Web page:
Review: 8bits4ever’s FDC-600 floppy disk controller

Posted by in Hardware, MSX, Retro, Technology | February 12, 2016

Last December as the year was about to end I received 8bits4ever‘s FDC-600 floppy disk controller for MSX computers and Tweeted about it:

The plan was to go buy a floppy drive and a couple of cables and write a review immediately after the New Year vacation, but I focused on other things for a while.

It has taken a while, but here’s the review.

First of all, what is it?

The FDC-600 is a floppy disk controller. It allows us to plug almost any PC floppy disk drive to an MSX computer and use it as if it was a native MSX drive. The only requirement is that the disk drive must support the DS-DD format (double-sided double-density), or 720KB. Almost all drives do, so we don’t need to worry about what drive to buy.

The FDC-600 cartridge (click to enlarge)

The FDC-600 cartridge (click to enlarge)

This cartridge is an excellent way to add floppy disk support to an MSX that didn’t come with a disk drive, or as a way to bypass the original drive when it breaks and it can’t be replaced.


The interface arrives in a small cardboard box with a big printed label. Nothing fancy, but more than good enough. Inside the box there’s a bubble-wrap bag containing a Konami-sized cartridge. This point alone makes this interface a very interesting purchase, because other MSX floppy disk controllers have typically been annoyingly bulky. The cart itself comes wrapped in a layer of thin foam to protect it from scratches.

There is no printed manual, but when the order ships we receive a link to download a couple of PDF documents with the instructions.

The cartridge case is made via injection moulding and the plastic is very high quality. It comes with a full color label attached to the front (it doesn’t cover the top nor the back of the cartridge).

Overall, the initial impression is that this is a very professional product. The package could be more elaborated, but that would probably increase the price, which is one of the strong points of this interface. In my personal opinion, the current package is more than adequate.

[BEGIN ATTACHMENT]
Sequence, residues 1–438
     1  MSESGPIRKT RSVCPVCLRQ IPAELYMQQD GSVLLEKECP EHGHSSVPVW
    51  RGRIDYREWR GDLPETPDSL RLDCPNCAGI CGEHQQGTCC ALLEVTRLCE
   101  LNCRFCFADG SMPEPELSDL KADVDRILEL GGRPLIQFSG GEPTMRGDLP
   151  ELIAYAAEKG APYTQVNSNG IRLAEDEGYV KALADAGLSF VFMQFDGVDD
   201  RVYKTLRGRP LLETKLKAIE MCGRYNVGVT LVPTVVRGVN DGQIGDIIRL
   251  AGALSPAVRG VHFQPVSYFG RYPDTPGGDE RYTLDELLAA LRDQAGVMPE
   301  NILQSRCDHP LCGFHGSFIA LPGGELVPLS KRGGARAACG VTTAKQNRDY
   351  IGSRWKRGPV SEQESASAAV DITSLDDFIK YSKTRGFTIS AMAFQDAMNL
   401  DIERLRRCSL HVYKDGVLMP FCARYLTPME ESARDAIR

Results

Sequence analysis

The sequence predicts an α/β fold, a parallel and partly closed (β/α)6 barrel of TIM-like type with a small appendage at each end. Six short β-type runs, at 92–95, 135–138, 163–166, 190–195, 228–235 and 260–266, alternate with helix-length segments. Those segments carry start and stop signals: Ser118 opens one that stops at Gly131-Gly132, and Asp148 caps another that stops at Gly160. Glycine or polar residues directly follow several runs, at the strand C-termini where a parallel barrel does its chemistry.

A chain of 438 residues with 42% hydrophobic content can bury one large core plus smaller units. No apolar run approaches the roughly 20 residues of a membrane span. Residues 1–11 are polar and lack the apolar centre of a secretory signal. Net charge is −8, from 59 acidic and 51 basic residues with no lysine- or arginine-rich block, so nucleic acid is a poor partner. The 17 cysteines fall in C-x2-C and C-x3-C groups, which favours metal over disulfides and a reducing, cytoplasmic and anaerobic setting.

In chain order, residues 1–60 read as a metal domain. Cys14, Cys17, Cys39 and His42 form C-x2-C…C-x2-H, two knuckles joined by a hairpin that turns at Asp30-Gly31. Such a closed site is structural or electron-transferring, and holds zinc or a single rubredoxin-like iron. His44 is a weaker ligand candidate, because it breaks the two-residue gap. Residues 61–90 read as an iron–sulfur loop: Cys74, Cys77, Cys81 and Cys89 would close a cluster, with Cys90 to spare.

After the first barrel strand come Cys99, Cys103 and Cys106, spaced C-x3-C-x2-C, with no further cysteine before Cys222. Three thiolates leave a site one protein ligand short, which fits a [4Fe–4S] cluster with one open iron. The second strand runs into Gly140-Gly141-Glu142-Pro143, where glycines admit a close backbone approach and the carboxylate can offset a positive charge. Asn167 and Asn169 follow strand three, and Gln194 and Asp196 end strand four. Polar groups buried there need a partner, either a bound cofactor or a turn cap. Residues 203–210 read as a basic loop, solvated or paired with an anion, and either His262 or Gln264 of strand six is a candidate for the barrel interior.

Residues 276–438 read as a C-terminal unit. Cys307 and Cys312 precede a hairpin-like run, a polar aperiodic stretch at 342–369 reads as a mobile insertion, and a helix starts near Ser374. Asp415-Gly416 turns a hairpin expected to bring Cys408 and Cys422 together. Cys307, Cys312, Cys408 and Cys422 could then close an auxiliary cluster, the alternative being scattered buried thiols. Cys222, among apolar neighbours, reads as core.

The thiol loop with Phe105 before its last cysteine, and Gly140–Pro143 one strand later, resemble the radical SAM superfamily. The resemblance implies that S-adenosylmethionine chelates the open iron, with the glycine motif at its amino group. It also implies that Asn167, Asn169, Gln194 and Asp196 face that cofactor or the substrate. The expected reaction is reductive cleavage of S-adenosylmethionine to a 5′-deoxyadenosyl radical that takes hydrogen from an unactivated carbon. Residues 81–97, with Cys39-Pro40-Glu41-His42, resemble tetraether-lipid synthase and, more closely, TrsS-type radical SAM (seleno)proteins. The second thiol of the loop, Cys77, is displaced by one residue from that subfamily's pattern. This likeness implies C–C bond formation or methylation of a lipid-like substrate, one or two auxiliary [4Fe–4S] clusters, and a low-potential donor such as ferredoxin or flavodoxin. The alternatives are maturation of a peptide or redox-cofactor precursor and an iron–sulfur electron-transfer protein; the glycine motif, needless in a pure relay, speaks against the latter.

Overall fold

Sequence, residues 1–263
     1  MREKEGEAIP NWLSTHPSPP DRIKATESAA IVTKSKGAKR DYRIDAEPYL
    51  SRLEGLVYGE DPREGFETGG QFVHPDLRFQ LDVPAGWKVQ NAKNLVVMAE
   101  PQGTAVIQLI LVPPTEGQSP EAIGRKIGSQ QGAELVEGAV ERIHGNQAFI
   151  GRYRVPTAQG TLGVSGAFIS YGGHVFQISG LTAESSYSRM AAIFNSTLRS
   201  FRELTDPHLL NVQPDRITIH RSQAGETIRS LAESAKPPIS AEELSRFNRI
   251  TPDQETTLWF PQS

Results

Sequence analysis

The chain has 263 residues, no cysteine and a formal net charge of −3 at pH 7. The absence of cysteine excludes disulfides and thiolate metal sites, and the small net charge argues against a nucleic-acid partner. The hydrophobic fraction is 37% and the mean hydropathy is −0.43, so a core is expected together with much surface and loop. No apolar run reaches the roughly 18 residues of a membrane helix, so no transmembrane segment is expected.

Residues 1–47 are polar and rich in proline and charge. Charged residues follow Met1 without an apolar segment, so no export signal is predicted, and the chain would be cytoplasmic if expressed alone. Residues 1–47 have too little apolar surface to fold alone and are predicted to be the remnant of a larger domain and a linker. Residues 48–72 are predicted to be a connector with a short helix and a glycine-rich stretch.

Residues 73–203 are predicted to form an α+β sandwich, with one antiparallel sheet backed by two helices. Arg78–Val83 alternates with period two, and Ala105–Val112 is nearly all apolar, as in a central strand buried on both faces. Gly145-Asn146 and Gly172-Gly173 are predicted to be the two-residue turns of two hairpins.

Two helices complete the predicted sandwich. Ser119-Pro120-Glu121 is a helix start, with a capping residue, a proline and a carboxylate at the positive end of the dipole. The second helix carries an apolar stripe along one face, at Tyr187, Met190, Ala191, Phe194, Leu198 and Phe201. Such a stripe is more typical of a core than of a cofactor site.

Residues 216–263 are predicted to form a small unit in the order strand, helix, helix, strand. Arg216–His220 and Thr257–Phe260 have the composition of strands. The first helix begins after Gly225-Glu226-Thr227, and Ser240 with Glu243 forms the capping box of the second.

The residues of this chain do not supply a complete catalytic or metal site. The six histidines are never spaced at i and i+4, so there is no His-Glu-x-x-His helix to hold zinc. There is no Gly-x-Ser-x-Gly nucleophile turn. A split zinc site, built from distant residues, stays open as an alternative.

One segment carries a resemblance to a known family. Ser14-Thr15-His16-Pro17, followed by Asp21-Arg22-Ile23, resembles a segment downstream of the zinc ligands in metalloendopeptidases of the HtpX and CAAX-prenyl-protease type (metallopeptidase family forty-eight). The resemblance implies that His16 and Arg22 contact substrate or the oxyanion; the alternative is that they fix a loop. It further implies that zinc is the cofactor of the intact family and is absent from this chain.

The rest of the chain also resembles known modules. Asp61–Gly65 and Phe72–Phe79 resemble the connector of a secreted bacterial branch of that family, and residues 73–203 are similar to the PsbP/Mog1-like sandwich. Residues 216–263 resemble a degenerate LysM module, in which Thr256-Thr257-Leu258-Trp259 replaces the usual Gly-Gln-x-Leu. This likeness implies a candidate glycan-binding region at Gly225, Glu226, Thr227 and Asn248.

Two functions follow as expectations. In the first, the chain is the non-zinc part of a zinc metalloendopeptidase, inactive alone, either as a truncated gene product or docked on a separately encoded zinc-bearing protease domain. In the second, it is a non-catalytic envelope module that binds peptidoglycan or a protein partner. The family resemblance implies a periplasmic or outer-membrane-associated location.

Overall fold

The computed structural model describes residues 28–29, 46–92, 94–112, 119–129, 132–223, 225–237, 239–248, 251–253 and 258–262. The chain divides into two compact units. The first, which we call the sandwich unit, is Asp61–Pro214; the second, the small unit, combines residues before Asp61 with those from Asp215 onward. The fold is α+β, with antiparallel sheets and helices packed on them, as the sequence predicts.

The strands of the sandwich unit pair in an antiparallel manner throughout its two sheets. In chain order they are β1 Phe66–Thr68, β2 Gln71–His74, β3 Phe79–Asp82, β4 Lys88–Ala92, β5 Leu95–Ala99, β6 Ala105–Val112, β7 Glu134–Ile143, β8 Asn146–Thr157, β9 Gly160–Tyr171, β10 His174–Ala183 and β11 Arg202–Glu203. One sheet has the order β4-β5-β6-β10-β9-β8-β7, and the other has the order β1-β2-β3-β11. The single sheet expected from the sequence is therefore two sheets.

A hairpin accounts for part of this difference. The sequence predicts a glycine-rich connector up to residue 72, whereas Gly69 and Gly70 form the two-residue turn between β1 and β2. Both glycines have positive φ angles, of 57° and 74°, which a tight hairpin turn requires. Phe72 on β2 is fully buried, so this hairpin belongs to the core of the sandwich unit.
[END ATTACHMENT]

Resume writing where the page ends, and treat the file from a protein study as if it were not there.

The FDC-600 box as it arrived (click to enlarge)

The FDC-600 box as it arrived (click to enlarge)

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No surprises here. Besides the interface cartridge, the components required are:

  • A standard PC floppy drive that supports DS-DD disks (also known as the 720KB format)
  • A standard 34-pin floppy drive cable, without the small plastic key at the top (read below)
  • An external power source for the drive

All of these are very easy to obtain. In my case I just went ahead and ordered the components from Amazon to save me a trip to Akihabara. This is what I paid:

The total amount for these components (if I had had to buy the power supply) is just ¥3,770 ($33), which is a very reasonable price for the functionality it adds to the computer. Note that original floppy drive interfaces usually sell for around ¥10,000-¥20,000 on Yahoo! Auctions depending on the condition.

I chose to go cheap and buy the cheapest 34-pin cable I could find, but if you want your setup to look cooler then you can spend a couple more dollars and buy a round FDD cable, or even buy/make a hardcore-looking external enclosure for it.

As I mentioned before, it’s important to make sure that the 34-pin cable connector doesn’t have the small plastic tab at the top:


The cable on the left is the one I bought

If for any reason you can’t find a cable without the plastic tab then you can always remove it with a small knife (be careful not to cut yourself!) or just sandpaper it away.

Floppy drive box (click to enlarge)

Floppy drive box (click to enlarge)

Make sure that the drive supports the 720KB format (click to enlarge)

Make sure that the drive supports the 720KB format (click to enlarge)

Just a normal 3.5" floppy disk drive...

Just a normal 3.5″ floppy disk drive…

…with a standard 34-pin connector and 4-pin power cable.

…with a standard 34-pin connector and 4-pin power cable.


SATA power adapter

SATA power to 4-pin adapter cable and 34-pin ribbon cable

SATA power to 4-pin adapter cable and 34-pin ribbon cable (click to enlarge)